Ubud is the artistic and cultural center of Bali, famed for its rich history in the performing arts, its spectacular island temple culture, and its talented community of artists and craftsmen. In many ways, its history is the very history of Bali itself.
Activity in the area dates back to the eighth century when the Javanese Hindu priest Rsi Marhandya came to the island from Java and meditated at the confluence of the two Wos rivers at Campuan, just west of the modern-day town center.
A shrine was established and later expanded by Nirartha, the Javanese priest regarded as the founder of Bali’s religious practices, and the area grew over the following centuries to become known as a center of natural medicine and healing, hence its name. Ubad is the ancient Balinese word for medicine.
Further temples were built over the next 400 hundred years and many of the dances, drama and rituals still practiced in Ubud today originated at this time.
The Javanese Majapahit kingdom conquered Bali in 1343, leading to a great flowering of Balinese culture which remains in place today. The ancestry of Ubud’s current day aristocratic families can be traced back to this period.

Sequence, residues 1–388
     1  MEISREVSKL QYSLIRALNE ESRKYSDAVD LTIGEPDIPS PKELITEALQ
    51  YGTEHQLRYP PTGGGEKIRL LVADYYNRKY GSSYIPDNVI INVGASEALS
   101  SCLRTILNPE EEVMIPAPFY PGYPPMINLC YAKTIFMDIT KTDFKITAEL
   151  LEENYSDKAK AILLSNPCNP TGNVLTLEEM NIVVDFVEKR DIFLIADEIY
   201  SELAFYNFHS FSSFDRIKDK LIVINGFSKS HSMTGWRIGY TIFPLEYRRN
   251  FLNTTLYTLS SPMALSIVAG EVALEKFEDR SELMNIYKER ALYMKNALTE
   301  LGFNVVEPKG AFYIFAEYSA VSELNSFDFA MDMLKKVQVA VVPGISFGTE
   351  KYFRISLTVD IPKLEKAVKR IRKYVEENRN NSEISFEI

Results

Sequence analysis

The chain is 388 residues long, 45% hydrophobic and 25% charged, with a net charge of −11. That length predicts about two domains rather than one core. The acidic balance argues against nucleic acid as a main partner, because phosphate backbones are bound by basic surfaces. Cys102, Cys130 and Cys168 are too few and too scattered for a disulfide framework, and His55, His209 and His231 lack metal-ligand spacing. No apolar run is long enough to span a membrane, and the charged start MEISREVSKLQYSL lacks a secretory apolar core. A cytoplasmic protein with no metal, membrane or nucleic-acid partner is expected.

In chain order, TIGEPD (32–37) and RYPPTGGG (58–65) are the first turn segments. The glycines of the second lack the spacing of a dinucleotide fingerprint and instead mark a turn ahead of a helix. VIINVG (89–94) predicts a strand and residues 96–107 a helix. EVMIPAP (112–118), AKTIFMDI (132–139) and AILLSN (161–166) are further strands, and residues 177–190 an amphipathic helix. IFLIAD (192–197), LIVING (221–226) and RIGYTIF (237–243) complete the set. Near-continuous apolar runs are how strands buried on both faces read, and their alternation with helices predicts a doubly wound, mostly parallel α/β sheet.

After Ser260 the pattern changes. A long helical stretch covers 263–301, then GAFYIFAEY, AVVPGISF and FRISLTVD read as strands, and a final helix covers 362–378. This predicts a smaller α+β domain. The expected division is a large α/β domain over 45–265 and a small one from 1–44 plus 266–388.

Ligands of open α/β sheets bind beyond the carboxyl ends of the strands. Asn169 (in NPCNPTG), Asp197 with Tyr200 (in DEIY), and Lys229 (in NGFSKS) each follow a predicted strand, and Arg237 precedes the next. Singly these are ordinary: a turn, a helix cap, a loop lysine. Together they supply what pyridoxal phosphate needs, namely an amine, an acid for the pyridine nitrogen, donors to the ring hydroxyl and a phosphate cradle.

In 1900, Ubud became a Dutch protectorate, allowing the traditional arts and culture of the area to remain relatively unchanged. The modern era of Ubud began in the 1930s when foreign artists were encouraged by the royal family to take up residence in the town.
From their Ubud base, the likes of Walter Spies and Rudolph Bonnet were instrumental in promoting an understanding of Balinese art and culture around the world.
From the 1960s onwards, travelers started to arrive in earnest, mostly intrepid types as the infrastructure was still very limited. Since then, Ubud has developed rapidly into a high-profile, top-class international destination, while still maintaining its integrity as the center of Balinese art and culture.